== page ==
Composer, orchestrator, and trusted confidant to the great Duke Ellington, songwriter Billy Strayhorn was one of the most gifted writers in jazz history. His sophisticated style was unprecedented for its class, elegance, complexity, and sensitivity. In this hour, we'll salute the great Strayhorn by hearing many of his most well-known songs, including "Lush Life," "Take the A-Train," "Satin Doll," and "Just A-Sittin' and A-Rockin'."
[Originally aired November 27, 2015, for Strayhorn's centennial]
Billy Strayhorn spent most of his career under the employ of Duke Ellington, serving as his chief orchestrator and co-composer. The two met in 1938 after one of Ellington's concerts in Pittsburgh. Strayhorn was 23, Ellington by this point had already been recording for well over a decade. But the older bandleader was so impressed by the kid's talent, that he was hired on the spot.
Strayhorn's musical life began much earlier. Classically-trained from a young age, Strayhorn had a remarkably mature musical mind. By 19, he was already working on a musical, and he had several songs with lyrics already in his pocket. One such song, a song that Ellington's orchestra never recorded, was "Lush Life," a fatalist barroom lament that is wise beyond its years. The song is so emotionally and musically complex, that it's been a challenge for singers even since its publication in 1949. Frank Sinatra, who became known for emotionally wrought drinking songs, even abandoned working on it in 1958. It's one of the few songs in the Great American Songbook where the song itself is more complete, more perfect than any single interpretation, although many singers have imbued it with the necessary pathos.
Strayhorn wrote over 150 songs or other pieces of music, mostly for the Duke Ellington Orchestra. However, even if Strayhorn were only responsible for penning one song—"Take the A Train," Duke Ellington's theme—it would still put him in the history books. In 1939, Ellington had invited Strayhorn to New York. It was an early meeting for the two. Wanting to impress Ellington, Strayhorn took Ellington's directions to his place in Harlem, and spun them out into a song.
While serving as Ellington's right-hand man for nearly his entire career, Strayhorn was primarily an orchestrator and composer. From the 1940s to the 1960s, Ellington's sound, including the more expansive works like Such Sweet Thunder and The Far East Suite, was largely defined by Strayhorn's pen. However, Strayhorn was a performer himself, a sensitive pianist and sometimes singer.
In 1965, Strayhorn arranged for some small group recordings that featured many players not associated with Ellington's orchestra like trumpeter Clark Terry. Singer Ozzie Bailey, who was part of Ellington's entourage, was also featured on the session, which had Strayhorn at the piano.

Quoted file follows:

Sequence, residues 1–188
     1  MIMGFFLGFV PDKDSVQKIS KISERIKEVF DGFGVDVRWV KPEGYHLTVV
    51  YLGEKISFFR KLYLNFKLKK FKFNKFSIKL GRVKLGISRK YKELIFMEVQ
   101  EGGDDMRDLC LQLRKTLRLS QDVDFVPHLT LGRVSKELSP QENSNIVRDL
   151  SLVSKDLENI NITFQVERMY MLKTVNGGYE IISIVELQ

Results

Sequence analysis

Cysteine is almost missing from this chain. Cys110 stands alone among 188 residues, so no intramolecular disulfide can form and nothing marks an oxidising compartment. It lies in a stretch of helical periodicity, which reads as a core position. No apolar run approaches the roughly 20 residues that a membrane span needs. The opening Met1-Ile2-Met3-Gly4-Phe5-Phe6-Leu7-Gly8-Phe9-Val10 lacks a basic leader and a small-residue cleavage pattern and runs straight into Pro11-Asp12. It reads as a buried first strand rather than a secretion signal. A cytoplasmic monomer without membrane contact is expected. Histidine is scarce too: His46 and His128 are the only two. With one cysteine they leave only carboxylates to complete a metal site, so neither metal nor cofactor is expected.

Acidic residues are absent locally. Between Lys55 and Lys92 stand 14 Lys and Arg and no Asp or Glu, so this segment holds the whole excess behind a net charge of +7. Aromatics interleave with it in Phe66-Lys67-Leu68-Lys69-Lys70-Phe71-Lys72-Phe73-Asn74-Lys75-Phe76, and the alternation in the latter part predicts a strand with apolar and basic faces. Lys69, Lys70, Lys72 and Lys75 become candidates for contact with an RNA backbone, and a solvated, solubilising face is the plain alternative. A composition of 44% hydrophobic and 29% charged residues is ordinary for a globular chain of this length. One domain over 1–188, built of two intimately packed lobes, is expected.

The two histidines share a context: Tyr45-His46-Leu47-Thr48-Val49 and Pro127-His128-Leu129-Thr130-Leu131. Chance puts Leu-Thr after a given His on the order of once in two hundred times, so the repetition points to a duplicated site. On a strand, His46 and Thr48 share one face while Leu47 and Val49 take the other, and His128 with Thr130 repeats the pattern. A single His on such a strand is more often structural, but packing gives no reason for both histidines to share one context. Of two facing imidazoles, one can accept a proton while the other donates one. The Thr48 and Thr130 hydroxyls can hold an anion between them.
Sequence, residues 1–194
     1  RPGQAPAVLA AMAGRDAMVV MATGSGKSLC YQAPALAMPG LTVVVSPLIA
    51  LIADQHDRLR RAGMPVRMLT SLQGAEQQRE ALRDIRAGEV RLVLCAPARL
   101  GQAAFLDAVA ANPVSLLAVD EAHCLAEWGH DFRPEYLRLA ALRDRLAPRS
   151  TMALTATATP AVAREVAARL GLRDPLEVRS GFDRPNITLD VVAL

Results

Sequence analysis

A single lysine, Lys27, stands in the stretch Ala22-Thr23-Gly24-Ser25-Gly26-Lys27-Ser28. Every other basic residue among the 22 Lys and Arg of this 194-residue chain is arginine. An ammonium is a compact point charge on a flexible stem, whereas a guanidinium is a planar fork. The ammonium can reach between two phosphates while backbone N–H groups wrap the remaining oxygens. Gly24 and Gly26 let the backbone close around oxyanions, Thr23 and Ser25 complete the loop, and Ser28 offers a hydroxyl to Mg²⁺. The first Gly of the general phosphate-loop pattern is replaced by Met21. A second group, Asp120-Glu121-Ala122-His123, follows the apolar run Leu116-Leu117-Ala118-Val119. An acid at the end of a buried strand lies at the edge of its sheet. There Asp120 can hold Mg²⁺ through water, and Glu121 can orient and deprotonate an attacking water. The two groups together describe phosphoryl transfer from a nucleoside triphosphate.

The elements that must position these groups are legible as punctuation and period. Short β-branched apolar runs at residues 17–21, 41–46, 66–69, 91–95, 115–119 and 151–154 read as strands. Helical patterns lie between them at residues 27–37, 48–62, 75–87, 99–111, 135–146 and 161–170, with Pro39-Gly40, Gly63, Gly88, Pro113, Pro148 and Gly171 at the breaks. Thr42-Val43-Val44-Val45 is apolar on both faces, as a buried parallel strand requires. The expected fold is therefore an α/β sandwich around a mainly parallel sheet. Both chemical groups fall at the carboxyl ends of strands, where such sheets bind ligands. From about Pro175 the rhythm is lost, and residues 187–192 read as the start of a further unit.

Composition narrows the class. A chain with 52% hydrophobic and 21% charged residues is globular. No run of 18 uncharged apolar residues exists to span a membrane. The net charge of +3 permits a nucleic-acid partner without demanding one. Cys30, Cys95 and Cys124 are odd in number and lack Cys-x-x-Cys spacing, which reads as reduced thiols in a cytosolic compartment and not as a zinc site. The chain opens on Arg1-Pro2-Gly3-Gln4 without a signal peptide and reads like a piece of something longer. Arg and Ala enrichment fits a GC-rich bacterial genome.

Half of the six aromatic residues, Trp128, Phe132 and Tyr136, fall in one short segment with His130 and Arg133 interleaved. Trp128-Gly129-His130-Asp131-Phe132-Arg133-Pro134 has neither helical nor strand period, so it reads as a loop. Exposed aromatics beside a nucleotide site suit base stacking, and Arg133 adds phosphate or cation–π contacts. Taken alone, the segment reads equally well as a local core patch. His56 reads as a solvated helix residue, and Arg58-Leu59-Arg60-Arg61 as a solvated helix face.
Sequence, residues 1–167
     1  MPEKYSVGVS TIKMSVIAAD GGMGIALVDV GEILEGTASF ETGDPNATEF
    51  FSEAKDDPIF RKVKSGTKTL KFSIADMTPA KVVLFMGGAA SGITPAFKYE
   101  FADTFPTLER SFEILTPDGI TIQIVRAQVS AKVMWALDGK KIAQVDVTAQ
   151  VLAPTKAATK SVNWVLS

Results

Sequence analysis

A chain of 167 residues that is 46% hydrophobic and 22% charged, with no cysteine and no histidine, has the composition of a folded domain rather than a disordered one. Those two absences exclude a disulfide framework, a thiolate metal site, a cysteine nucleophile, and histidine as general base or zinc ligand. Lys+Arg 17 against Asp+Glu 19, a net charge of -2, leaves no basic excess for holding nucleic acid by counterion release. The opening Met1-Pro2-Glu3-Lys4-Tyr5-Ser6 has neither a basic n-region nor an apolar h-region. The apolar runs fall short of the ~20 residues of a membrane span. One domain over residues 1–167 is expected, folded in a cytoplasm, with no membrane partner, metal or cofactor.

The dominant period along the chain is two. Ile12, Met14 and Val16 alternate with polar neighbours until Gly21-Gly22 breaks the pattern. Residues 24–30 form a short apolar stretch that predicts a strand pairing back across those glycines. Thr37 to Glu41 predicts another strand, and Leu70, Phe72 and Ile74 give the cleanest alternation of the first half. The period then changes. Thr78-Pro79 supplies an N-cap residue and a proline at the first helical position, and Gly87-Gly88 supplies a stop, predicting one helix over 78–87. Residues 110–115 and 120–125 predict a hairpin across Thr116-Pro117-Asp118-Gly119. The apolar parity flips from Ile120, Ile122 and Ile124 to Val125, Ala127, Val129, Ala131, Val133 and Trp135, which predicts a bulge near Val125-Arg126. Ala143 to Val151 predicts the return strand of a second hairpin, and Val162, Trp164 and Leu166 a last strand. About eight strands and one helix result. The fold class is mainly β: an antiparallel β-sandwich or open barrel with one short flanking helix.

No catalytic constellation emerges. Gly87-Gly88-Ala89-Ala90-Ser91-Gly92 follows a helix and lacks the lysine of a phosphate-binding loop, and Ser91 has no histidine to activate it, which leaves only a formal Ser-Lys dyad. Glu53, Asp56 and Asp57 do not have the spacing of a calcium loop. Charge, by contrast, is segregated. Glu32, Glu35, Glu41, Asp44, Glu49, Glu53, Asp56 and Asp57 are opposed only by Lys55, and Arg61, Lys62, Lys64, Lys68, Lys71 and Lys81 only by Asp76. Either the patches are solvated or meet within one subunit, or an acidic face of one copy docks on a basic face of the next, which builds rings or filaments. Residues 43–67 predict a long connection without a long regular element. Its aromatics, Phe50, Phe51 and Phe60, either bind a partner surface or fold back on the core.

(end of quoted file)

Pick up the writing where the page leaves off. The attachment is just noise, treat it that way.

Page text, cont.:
In 1964, at age 48, Billy Strayhorn was diagnosed with advanced esophageal cancer, an illness which would take his life in just 3 years. The intervening years were aggressively creative for Strayhorn. He and Duke completed and recorded their ambitious Far East Suite, Strayhorn recorded those small group sessions with Ozzie Bailey and company, which we heard from earlier this hour. He also penned the wallflower lyrics to Ellington's bluesy "Imagine My Frustration," sung by Ella Fitzgerald in 1965.
After having his esophagus removed, Strayhorn deteriorated quickly. In his final weeks, he was still able to compose, penning the aching tune "Blood Count," a testament to his pain instead of a touching goodbye. Ellington recorded "Blood Count" on his next album, a tribute to Billy Strayhorn. He died on the final day in May, 1967.
"Blood Count" has remained a standard since its tragic inception. Nearly four decades later, the song was given lyrics by none other Elvis Costello—who changed the title to "My Flame Burns Blue." Costello's new tale of longing and regret told from the perspective of a loner, all with his signature sophisticated wordplay, would have certainly made Strayhorn proud.
If there were a word to describe any given Billy Strayhorn song, it would probably be "longing." There's a distant, yearning desire that's pervasive in all of his songs. There's no single reason for this pervasive longing: as many have speculated, like biographer David Hajdu perhaps it was because he was constantly living in the shadow of Ellington, or perhaps being openly homosexual in an era when homosexuality was being persecuted left him always wanting more out of life. Whatever the reason, this elegantly crafted longing persists in his music, and it's what distinguishes a Strayhorn song from any other in the Great American Songbook.